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An opinion from the attorney general muddies constitutional principles that prohibit public funds for private schools.
Photo/Alan Kim, shot 8/5/2004 Row of Montgomery County Schools buses in Cambria.
Tuesday, September 10, 2013
The homeowners of Pittsylvania County or any other community would surely object if they were asked to foot the bill for security guards at the local Chuck E. Cheese’s restaurant or Baskin-Robbins ice cream parlor.
But the Office of Attorney General has advised the Pittsylvania sheriff his county can underwrite resource officers at private schools, including those with a religious affiliation.
The opinion, issued in July and signed by Attorney General Ken Cuccinelli, was in response to a request for information from Sheriff Michael Taylor. It states that local governments have broad authority under their police powers to ensure public safety, concluding that “it is reasonable to anticipate that local governments may provide funding for law-enforcement positions to be assigned the duties of school resource officers in private as well as public schools located within their jurisdiction, so as to provide for the safety of all children attending school within their jurisdiction.”
The opinion is advisory, but it creates confusion. The state constitution prohibits use of public funds for “any school or institution of learning not owned or exclusively controlled by the state or some political subdivision.” There are narrow exemptions for multi-state initiatives and nonsectarian technical training facilities.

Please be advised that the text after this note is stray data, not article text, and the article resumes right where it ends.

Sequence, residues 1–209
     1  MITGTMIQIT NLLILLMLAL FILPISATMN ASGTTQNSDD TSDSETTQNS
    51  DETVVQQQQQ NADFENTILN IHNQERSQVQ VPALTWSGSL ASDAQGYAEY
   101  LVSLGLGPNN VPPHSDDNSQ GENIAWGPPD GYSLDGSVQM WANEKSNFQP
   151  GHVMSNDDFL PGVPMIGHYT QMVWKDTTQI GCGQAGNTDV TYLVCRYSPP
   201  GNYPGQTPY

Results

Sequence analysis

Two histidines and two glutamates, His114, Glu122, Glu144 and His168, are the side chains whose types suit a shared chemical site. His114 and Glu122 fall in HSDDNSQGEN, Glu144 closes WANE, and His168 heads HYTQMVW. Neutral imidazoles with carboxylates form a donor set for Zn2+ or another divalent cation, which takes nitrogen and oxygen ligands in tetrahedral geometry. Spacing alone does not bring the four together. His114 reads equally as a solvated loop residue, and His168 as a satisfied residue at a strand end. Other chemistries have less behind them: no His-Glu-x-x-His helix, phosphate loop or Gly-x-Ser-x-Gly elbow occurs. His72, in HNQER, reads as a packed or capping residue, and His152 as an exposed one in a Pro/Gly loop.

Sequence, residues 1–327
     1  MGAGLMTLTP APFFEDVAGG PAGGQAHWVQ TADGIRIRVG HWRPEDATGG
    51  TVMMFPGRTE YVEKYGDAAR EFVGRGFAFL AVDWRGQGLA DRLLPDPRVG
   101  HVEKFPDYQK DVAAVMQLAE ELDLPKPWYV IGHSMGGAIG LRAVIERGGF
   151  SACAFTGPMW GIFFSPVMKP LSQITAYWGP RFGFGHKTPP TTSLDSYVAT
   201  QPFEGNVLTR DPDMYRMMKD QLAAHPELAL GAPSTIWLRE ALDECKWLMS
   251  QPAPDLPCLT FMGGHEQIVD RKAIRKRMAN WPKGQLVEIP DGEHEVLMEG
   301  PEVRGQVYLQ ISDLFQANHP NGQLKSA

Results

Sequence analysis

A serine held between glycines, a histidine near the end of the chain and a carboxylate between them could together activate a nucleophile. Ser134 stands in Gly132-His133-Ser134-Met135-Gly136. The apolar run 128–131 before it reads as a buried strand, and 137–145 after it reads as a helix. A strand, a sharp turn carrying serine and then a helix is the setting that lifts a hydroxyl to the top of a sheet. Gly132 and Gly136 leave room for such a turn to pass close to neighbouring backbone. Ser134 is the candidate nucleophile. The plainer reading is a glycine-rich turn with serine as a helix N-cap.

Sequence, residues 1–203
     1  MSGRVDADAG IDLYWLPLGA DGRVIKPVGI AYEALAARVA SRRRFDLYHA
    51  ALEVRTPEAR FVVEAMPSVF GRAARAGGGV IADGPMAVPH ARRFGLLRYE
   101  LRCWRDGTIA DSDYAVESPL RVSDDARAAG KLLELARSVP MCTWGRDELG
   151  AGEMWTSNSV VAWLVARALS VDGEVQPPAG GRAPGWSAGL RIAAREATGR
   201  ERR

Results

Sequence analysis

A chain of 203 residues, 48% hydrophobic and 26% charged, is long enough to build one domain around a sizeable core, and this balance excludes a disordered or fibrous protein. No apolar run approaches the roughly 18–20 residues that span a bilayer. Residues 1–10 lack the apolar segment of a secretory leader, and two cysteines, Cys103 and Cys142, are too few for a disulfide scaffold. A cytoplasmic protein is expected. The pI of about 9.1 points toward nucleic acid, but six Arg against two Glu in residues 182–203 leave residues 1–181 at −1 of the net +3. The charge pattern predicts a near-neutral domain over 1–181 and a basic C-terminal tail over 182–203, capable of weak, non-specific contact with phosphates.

The AG’s opinion tries to sidestep the issue by warning that state grants cannot be used to pay for security at private schools. The General Assembly this year budgeted $1.3 million to fund resource officers in 42 public schools. There’s little reason to anticipate that supervisors and city councils, beset with deep state cuts in public education funding, will rush to raise real estate taxes to protect private schools.
Given the lack of a pressing need to change the rules, why would Cuccinelli muddy the issue? Because he wants to change the rules. He has promised if he’s elected governor to pursue a constitutional amendment allowing public aid to religious schools. But there’s no guarantee that state lawmakers and voters will support a change in the current policy, which has served the commonwealth well for many years. It’s contradictory and disruptive to start trying to carve out exceptions before that debate has occurred.
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